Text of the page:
If you have the stomach (and, of course, skills) for it, crime scene cleaners can easily earn a six-figure salary, or around $250 per hour. Exactly what those six figures are depends on how long you’ve been doing it and how many crimes occur in the city where you work.[5]



5 Garbage Collector

A garbage collector is someone who has to deal with the things you don’t need anymore—from rejected furniture to food leftovers. Due to the versatility of things that make up our garbage, it can be a gross job to do. Even so, garbage collectors are some of the most satisfied workers around. You rarely see them quit their jobs. So, what gives?

Hint: It’s not because they don’t have other options; it’s the high pay. Earnings for a garbage collector can soar to as high as $80,000 per year and even more if you’re working in the posher areas of a big city.[6]

It’s not as disgusting as it sounds, either. They have all the equipment needed to avoid handling the gross part of the garbage. So, if you were thinking of moving to a better-paying job, this might just be an alternative if you’re willing.

4 Golf Ball Collector

Photo credit: golf.com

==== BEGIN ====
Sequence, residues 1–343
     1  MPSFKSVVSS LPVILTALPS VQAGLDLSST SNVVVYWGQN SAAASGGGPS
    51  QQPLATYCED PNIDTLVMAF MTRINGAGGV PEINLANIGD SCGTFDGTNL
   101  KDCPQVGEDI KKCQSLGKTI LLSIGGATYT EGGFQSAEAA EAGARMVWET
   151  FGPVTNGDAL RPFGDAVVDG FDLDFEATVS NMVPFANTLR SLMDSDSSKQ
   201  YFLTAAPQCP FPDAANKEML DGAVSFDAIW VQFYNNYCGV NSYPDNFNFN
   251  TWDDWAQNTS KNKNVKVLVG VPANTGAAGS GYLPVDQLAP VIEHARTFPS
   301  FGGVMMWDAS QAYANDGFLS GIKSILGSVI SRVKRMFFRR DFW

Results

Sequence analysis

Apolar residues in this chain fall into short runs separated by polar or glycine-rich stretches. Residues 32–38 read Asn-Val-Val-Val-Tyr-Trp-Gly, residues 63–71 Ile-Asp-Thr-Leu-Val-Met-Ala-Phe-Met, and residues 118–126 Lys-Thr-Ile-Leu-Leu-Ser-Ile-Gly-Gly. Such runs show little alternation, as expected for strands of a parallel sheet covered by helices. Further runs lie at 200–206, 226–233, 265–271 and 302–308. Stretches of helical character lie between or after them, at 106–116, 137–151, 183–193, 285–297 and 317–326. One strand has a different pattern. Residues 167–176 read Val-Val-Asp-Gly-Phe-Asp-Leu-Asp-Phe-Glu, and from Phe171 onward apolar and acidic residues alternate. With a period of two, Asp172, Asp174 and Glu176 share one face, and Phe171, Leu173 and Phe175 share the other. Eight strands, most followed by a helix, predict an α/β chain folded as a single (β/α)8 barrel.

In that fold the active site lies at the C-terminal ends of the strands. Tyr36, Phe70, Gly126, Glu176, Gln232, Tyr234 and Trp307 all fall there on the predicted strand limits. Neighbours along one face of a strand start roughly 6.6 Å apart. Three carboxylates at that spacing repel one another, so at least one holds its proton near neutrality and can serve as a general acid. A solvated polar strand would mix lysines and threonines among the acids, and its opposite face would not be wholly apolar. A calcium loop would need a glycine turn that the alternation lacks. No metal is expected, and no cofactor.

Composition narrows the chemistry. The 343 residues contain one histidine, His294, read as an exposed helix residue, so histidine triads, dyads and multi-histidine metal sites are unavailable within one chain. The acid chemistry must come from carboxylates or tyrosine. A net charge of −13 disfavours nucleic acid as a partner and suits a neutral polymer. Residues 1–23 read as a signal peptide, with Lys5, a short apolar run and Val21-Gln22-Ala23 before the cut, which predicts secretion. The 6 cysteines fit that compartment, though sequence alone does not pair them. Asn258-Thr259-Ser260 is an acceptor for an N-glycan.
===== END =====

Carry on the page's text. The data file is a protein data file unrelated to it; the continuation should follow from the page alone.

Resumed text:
A golf ball collector retrieves the balls from all the random places they can land, depending on the skill of the golfer. Collectors scour the bushes and deep-dive into artificial lakes after the game is over, and it doesn’t sound like it requires a lot of skill to do it.

Surprisingly, quite a bit of talent is required to be a successful golf ball collector as they need to reach places that most other people can’t. In many countries around the world, facing dangerous animals like alligators and venomous snakes is a part of the job, too. That’s why they’re some of the highest-paid people on a golf course—other than the rich people who play the game, of course.

How much money you can make depends on the golf course and how much you’re paid per ball retrieved. But on average, you can expect to make around $100,000 per year just for collecting golf balls. If you’re a good diver, that figure can be even higher.[7]

3 Oil Rig Worker

Working on a remote oil rig is the exact opposite of an exciting job. You’re stuck in the middle of nowhere for months on end, and the only challenging part seems to be not dying of boredom.

Of course, that’s only if you haven’t looked into applying for it. Those who have worked on oil rigs would tell you that it not only pays well but also requires dynamic thinking and on-the-spot decision-making.